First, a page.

And it's neither a strength nor a weakness, but contrary to the modern style there are no personal interviews. The book deals with the grand sweep of events, not individual people. I'm not sure that the book would have benefited from personal reminiscences, they would seem trite. In this respect the book feels a little old-fashioned. It's not that it only covers the big people, it's that it doesn't cover people, it concentrates on events.
Atrocities. The book has an unusual focus on the mass murder of civilians; but perhaps it only seems unusual because I'm used to reading military histories in which wars are made of battles, and mass murder is something that isn't really war. On every page civilians are rounded up and shot, nine hundred here, ten thousand there, seventy here, a hundred there. Old men, mothers, children, women. Thousands, millions of people killed because they were in the way. By the end of the war the German military is rationing artillery shells while the well-equipped SS are given petrol to drive around in trucks killing the last few thousand Jews left in Romania and Lithuania, and for what? Gilbert's book generally avoids anaylsis and instead just presents the facts, which again is frustrating. It would be nice if an experienced historian could have explained the Nazis' motives (sadly Martin Gilbert died recently, so he can't do it).
Nonetheless the book is fairly clear in explaining that the Nazis wanted to use the chaos of war as cover for their ethnic cleansing, although again it would be nice to know why they felt the need to cover anything up; I had always assumed that the Nazis had ultimate power and could do whatever they wanted. The impression is of a political party with an unrealistic manifesto that suddenly found itself far out of its depth having to implement it, and because Hitler and the top Nazis had built up an image of strength, they were unwilling to put it off, which meant having to purge millions of people while simultaneously running a war, which was beyond them.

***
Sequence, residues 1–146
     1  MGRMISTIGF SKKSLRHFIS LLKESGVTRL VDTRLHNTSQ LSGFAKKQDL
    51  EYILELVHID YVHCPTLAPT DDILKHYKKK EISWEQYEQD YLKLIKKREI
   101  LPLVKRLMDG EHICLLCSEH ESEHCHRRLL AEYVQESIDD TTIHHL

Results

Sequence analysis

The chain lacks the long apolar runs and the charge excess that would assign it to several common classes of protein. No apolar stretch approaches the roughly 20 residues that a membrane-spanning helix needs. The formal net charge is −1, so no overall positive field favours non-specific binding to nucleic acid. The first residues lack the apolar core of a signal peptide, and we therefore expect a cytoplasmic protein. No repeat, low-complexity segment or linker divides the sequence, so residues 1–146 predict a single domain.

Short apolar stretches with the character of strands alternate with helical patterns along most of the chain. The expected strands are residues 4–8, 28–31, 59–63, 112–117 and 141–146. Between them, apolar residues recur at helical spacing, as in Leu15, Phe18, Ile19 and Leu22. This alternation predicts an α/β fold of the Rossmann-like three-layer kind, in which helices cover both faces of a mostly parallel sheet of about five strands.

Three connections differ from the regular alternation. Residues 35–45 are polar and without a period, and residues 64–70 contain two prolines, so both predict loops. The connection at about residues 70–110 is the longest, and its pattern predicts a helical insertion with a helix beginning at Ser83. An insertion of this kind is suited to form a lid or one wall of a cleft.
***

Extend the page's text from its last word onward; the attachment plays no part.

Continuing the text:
One thing struck me as I finished the book. If I had been a German soldier, returning from Russian captivity in 1955 to East Germany, and I had found out that Hitler and his cronies were more interested in rounding up civilians than providing me with winter gear, I would have wanted to put a bullet into him myself.
11 of 15 people found the following review helpful
on 10 March 2005
Very complete, very concise (considering the enormity of the subject), this extremely well researched book offers an almost day-by-day history of the war. Unfortunately, it reads more like a textbook; there is no personal comment, little analysis of the personalities involved and no background. By starting the book on 1 Sept 1939 there is no consideration given to the German/European political situation 1918-1939. Likewise, whilst the Nazi atrocities are described in detail as part of the fabric of war (which they were, of course), background to the Nazi philosophies or pre-war history might would have given these details a further dimension. Of course, the book is big enough already, but less minutiae and more analysis - as in the superb histories by John Keegan - would have made the most momentous series of events in history a little more interesting.